Grattan Flood - A History of Irish Music, Volume 1, Issue 1, Page 46

Grattan Flood - A History of Irish Music, Volume 1, Issue 1, Page 46
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periodical Publisher
Browne and Nolan Ltd, Dublin 1913
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periodical Title
Grattan Flood - A History of Irish Music
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76hISTORY OP 1RLS MUSIC.IRISH MUSIC IN THE FIFTEENTH CENTURY.77CHAPTER IX.IarslI Music in THE FIFTEENTJ CENTURY.ALTHOUGH the first quarter of the fifte enth centurywas a most troubled period in Ireland, yet there werenot wanting many learned men and musicians. In 5405,the Annals of Ulste chronicle the death of GilladubhMac Curtjn, who is described as Ollav (Doctor) ofThomond in Music; and who was also distinguished asan historian and writer. The same year is memorablefor the demise of Carrol ODaly (Cerbhall Ua Dalaigh),Composer of e btft A fl in, whose obit is thusquaintly given by the annalist of Clonmacnojse :Keruehl ODaly, chief compc ser of Ireland, dane ofthe Country of Corcomroe, died.A great benefactor of the Irish minstreIs TadligOCarroij, Prince of Ely OCarroll vas gathered tohis fathers in 1407. Conal Mac Geoghegan thus writesof him : This Teige was deservedly a man of greataccount and fame with the professors of poetry andmusic of Ireland and Scotland, for his liberality ex-tended towards them, and every of them in general.According to the Annals o/ Ulster, t so Ua CepbAlt.twas defeated and slain by the Lord Deputy Scrope, whohimself died of a pestilence in May, 408,The lovely song Deipope oeA Snu1l eAEnglished The Blooming Deircire was composedin 1409, for the marriage of Thomas Fitz John, 6th Earlnf Desinond, to Catherine, daughter of William MacCormac Mac Carthy, a romantic wedding which costthe bridegroom his inheritance. Certain it is that theunfortunate Earl, in whose honour the song was written,was compelled by his own family to surrender his titleand possessions, and he died an exile at Rouen, onAugust ioth, 1420. Deirdre is used by the Earlsbard as representing the ancient Irish heroine of thatname, who is the central figure of the Fate of theChildren of Usnach. Founded on the same story isMoores lyric: By the Feales wave benighted.As illustrating the satirical powers of the bardicfamily at this period, it is recorded by the FourMasters, in January of the year 1414, that the bard Nial0 Higgins satirised Sir John Stanley, Lord Lieutenantof Ireland, for having plundered his property, and sofierce and stinging was the satire that the EnglishDeputy died from the effects of it. In a word, OHig-gins literally rhymed him to death; and we know fromthe .chwnicles of Henry of Marlborough that Sir JohnStanley, who had landed at Clontarf, in October, 1413,died at Ardee, Co. Louth, in January, 1414. The sameannalists chronicle a second poetical miracle per-formed by the same family of rhymers against a hostiletribe. By way of retaliation, Sir John Talbot, LordFurnivall, despoiled many of the Irish rhymers, as isrecorded in the Annals 0/ Ulster.Under date of 1429, the Four Masters give us theobit of a distinguished Ulster musician, as followsMatthew, the son of Thomas OKiernan, Ollav ofBreffni, and universally learned in history and music,died in his own house.In 1433, as appears from the Annals of Ulster, occurredthe death of Aedh OCorcrain, a remarkable harper; and,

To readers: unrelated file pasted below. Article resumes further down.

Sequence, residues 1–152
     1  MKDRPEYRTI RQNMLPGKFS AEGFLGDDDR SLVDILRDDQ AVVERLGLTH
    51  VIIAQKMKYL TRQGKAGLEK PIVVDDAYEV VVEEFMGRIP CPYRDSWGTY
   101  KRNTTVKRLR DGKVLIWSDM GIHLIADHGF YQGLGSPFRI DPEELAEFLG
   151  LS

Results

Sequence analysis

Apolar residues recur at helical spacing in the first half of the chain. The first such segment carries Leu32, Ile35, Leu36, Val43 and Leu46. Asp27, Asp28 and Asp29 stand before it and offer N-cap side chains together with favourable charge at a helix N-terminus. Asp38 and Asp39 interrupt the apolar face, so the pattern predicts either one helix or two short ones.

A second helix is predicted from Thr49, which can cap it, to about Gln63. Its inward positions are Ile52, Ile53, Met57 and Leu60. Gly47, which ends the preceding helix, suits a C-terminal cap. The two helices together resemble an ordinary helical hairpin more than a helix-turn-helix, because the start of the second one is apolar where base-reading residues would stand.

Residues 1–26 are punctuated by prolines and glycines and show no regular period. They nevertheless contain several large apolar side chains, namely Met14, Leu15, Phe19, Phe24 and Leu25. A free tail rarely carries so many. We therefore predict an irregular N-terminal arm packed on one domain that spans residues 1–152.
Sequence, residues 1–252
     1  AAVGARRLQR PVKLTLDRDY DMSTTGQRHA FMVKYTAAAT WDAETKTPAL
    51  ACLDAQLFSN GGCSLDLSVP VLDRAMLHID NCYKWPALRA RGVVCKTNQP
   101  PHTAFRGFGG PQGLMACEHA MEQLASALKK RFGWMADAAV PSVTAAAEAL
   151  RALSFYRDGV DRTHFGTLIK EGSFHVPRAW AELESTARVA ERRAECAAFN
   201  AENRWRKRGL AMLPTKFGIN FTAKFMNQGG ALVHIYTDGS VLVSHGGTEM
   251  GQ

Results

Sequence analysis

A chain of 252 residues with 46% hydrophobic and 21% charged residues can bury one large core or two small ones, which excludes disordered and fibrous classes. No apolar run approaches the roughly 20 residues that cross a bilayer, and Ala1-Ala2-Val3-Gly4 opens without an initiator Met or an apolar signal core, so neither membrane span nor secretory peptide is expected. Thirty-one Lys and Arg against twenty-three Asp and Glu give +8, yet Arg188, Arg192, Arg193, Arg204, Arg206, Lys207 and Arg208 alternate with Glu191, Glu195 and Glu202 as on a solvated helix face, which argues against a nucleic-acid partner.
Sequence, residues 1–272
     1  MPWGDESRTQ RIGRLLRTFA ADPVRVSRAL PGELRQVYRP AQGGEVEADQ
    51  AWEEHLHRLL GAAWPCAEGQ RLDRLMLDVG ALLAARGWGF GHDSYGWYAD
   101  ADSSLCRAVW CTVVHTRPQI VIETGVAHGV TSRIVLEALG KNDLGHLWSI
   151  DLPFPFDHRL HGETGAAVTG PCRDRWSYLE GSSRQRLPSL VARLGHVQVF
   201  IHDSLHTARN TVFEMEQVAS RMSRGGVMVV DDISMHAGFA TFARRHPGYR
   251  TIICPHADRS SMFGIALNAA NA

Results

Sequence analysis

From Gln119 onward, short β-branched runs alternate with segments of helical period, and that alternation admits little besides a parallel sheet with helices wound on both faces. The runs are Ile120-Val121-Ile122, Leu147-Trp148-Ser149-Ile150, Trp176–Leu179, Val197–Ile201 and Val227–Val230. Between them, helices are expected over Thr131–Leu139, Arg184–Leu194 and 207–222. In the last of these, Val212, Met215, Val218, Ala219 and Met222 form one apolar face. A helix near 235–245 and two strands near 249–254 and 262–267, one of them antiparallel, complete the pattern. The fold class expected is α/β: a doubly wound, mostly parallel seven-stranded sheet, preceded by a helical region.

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Grattan Flood, Wm. H.
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Grattan Flood - A History of Irish Music

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